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2014 Participant Biographies

Andre Hudgins


Andrew Hudgins was born in 1951 in Killeen, Texas, as the eldest son in a military family and grew up in the American South. After studying at Huntingdon College and the University of Alabama, he earned an MFA from the Iowa Writers' Workshop at the University of Iowa in 1983. He currently serves as Humanities Distinguished Professor in English at Ohio State University and has taught at numerous institutions, including Baylor University, the University of Cincinnati, and Johns Hopkins University.

Hudgins's most recent book of poems is A Clown at Midnight (2013), and he has collected his work in American Rendering: New and Selected Poems (2010). His other books of poetry include Shut Up You're Fine: Poems for Very, Very Bad Children (2009); Ecstatic in the Poison: New Poems (2003); Babylon in a Jar (1998); The Glass Hammer: A Southern Childhood (1994); The Never-Ending (1991), a finalist for the National Book Award; After the Lost War: A Narrative (1988); and Saints and Strangers (1986), nominated for the Pulitzer Prize. He also is the author of The Joker: A Memoir (2013) and The Glass Anvil (1997), a collection of essays.

Winner of the Hanes Prize for Poetry and the Witter Bynner Award for Poetry, Hudgins has received fellowships from the Ingram Merrill Foundation, the National Endowment for the Arts, and the Guggenheim Foundation. He was inducted into the Fellowship of Southern Writers in 2007.

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Christian Wiman


Christian Wiman was born in 1966 and raised in West Texas. He earned a bachelor's degree from Washington and Lee University in 1988 and studied at Stanford University on a Wallace Stegner Fellowship. In July 2013, he was named Senior Lecturer in Religion and Literature as a joint appointment at the Yale Institute of Sacred Music and Yale Divinity School. Wiman previously served as the editor of Poetry magazine from 2003 to 2013. He has taught at Stanford University, Northwestern University, Lynchburg College, and the Prague School of Economics.

Wiman's most recent book of poems is Every Riven Thing (2010), which the New Yorker named as one of the best poetry books of 2010. His other volumes of poetry are Hard Night (2005) and The Long Home (1998), which won the Nicholas Roerich Poetry Prize. He has translated the poetry of Osip Mandelstam, published as Stolen Air (2012), and his non-fiction work includes the essay collections My Bright Abyss: Meditation of a Modern Believer (2013) and Ambition and Survival: Becoming a Poet (2007).

A former Guggenheim fellow, Wiman won the Commonwealth Prize from the English-Speaking Union and the Ambassador Book Award. He has been the recipient of the Ruth Lilly Poetry Fellowship, and he received an honorary doctorate from North Central College.


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Valzhyna Mort


Valzhyna Mort was born in Minsk, Belarus, in 1981. She studied at Minsk State Linguistic University and, after moving to the United States in 2006, earned an MFA in creative writing from American University. She currently is Visiting Assistant Professor at Cornell University and has served as poet-in-residence at the University of Baltimore and as a resident poet at the Literarisches Colloquium Berlin and Sylt-Quelle in Germany and at the International Authors' House in Graz, Austria.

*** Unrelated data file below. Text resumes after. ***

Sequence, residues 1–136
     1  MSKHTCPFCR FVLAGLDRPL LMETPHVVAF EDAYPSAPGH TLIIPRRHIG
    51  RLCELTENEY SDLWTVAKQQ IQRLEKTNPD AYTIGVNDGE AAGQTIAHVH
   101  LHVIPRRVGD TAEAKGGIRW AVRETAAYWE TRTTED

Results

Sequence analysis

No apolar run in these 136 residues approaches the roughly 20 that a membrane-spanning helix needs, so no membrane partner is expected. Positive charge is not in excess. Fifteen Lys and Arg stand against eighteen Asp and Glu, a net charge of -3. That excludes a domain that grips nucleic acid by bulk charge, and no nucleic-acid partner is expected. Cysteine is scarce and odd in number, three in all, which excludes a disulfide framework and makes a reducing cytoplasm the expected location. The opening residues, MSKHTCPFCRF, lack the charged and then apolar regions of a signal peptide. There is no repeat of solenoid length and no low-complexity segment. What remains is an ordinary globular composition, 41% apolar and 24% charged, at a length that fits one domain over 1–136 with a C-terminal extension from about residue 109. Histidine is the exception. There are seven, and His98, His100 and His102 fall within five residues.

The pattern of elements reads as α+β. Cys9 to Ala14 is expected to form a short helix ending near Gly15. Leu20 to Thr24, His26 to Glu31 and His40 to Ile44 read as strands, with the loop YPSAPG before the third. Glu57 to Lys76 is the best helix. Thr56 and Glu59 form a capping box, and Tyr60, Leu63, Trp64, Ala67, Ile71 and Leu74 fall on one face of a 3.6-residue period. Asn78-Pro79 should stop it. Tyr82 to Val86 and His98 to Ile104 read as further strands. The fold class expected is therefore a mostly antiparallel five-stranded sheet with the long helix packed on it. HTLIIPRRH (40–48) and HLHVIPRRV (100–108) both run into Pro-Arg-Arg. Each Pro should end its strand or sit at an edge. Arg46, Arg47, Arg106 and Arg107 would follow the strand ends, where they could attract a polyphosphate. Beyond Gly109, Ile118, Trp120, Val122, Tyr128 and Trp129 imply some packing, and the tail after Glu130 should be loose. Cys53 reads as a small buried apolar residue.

Described by the Irish Times as "a rising star of the international poetry world," she is the author, most recently, of Collected Body (2011). Her other books are Factory of Tears (2008) and I'm as Thin as Your Eyelashes (2005), a collection of poetry, prose, and selected translations. Her English translations of Eastern European poets have appeared in New European Poets (2008).

She has been awarded the Bess Hokin Prize from Poetry magazine, the Hubert Burda Prize in Germany, and the Crystal of Vilenica Award in Slovenia. Additionally, she has received a Civitella Raineri Fellowship and a Lannan Foundation Literary Fellowship.

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Ronald Schuchard


Born and reared in West Texas, Ronald Schuchard studied at the University of Texas at Austin before serving, in the early 1960s, as a teacher in Kenya with the Agency for International Development. He went on to earn a PhD from the University of Texas at Austin. He serves as the Goodrich C. White Professor of English Emeritus at Emory University, whose faculty he joined in 1969.

Schuchard's most recent book is The Last Minstrels: Yeats and the Revival of the Bardic Arts (2008), which received the Robert Rhodes Book Prize of the American Council for Irish Studies. His book Eliot's Dark Angel (1999) won the Robert Penn Warren-Cleanth Brooks Award for Outstanding Literary Criticism. He founded and for two decades directed the Richard Ellmann Lectures in Modern Literature at Emory-a series inaugurated by Seamus Heaney in 1988. Additionally, he is a faculty advisor to the Manuscript, Archives, and Rare Book Library (MARBL) at Emory and has been centrally involved in developing its archive of twentieth-century Irish and English manuscript collections.

Named a fellow of the American Academy of Arts and Sciences in 2012, Schuchard edited T. S. Eliot's Clark and Turnbull Lectures, The Varieties of Metaphysical Poetry, and he is currently general editor of the multi-volume edition of The Complete Prose of T. S. Eliot. With John Kelly, he served as co-editor of The Collected Letters of W. B. Yeats,Volumes 3-5. He has been a visiting fellow at Wolfson College, Oxford; Trinity College, Dublin; Queen's University, Belfast; and the Institute of English Studies, University of London, where he has been elected a permanent senior research fellow.